Webster chose the “or” and “er” spellings because they looked less French. Indeed the reason that, when British spelling was standardised in the 19th century, the “our” and “re” spellings were chosen was precisely because their French look lent them a certain dignity, or savoir faire. In other words, the spellings were deliberately snobby.

Those ugly sounds

Standard American English pronounces /r/ in the coda of a syllable where Standard British English does not. The difference is illustrated in words like car and farther (twice in the latter word). It should be noted that there are non-standard British varieties, such as West Country or Scots, which still do pronounce post-vocalic /r/, and there are non-standard American varieties, such as Eastern Massachusetts or African-American Vernacular English, which lack it. More to the point, though, the post-vocalic /r/ as found in Standard American was a part of Middle English, heard by all classes and in all regions, until the fifteenth century, when it started to disappear in some dialects. It is believed that it still would have been heard in the London variety in Shakespeare’s time – John Barton, former Artistic Director of the Royal Shakespeare Company, in the video series Playing Shakespeare, speaks Mark Antony’s famous line as “let slip the dogs of waRRR” (with both a strongly pronounced “r” and a flat “a”). In fact the loss of /r/ at the ends of syllables was a very gradual change – it was still heard in parts of England in the 1950s where it is no longer heard today.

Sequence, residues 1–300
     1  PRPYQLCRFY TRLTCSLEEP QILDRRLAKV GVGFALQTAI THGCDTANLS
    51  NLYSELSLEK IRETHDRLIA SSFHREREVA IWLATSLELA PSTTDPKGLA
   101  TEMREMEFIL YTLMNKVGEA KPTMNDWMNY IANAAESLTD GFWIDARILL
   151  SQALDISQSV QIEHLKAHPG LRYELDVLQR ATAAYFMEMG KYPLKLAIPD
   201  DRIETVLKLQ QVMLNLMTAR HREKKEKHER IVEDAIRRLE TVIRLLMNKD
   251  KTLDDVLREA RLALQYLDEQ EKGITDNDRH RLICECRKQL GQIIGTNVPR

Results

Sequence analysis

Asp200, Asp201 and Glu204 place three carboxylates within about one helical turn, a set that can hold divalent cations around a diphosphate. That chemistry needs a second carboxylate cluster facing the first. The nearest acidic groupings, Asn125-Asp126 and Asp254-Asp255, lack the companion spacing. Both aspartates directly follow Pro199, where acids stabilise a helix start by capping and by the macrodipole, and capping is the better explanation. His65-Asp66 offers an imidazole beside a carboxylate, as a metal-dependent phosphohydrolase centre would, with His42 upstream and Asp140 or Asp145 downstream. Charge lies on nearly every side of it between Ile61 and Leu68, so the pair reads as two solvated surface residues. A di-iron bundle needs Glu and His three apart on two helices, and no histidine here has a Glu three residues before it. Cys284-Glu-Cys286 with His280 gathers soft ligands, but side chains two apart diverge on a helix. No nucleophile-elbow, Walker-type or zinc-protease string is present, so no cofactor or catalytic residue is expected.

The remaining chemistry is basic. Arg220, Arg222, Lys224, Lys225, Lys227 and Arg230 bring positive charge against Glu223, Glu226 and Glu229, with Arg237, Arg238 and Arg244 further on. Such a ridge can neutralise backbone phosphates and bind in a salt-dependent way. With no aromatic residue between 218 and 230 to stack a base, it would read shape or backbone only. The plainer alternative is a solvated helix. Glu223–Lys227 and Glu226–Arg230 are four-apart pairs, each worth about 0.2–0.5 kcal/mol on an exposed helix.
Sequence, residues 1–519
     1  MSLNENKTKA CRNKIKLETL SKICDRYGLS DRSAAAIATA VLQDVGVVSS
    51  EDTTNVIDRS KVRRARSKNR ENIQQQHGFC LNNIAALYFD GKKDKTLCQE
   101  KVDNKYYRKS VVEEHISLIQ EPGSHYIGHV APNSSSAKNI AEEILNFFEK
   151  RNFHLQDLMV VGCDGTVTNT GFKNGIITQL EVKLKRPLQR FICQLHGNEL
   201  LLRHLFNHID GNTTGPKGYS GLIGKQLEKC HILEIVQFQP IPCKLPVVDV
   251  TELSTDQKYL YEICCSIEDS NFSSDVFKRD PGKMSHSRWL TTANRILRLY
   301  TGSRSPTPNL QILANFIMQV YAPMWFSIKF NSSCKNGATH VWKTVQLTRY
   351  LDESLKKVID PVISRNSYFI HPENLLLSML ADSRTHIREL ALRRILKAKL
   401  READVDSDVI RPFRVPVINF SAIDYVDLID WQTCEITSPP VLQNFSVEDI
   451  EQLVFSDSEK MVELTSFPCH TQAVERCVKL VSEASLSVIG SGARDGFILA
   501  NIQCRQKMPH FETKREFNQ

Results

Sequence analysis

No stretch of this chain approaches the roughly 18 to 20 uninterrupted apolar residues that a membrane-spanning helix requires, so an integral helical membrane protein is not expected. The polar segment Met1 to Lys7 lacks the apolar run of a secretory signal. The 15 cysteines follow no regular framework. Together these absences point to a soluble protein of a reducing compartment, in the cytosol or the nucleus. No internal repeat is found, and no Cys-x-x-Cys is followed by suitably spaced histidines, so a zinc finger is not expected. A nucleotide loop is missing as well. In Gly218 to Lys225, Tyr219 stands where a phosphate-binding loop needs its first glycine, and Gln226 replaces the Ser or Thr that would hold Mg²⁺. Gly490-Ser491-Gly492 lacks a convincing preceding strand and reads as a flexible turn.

As far as ‘ruining’ the language is concerned, there could be case made that the loss of /r/ erodes comprehension, with pairs like father/farther, pawn/porn, caught/court and batted/battered merging. Going to the pawnshop has become potentially risky to one’s reputation.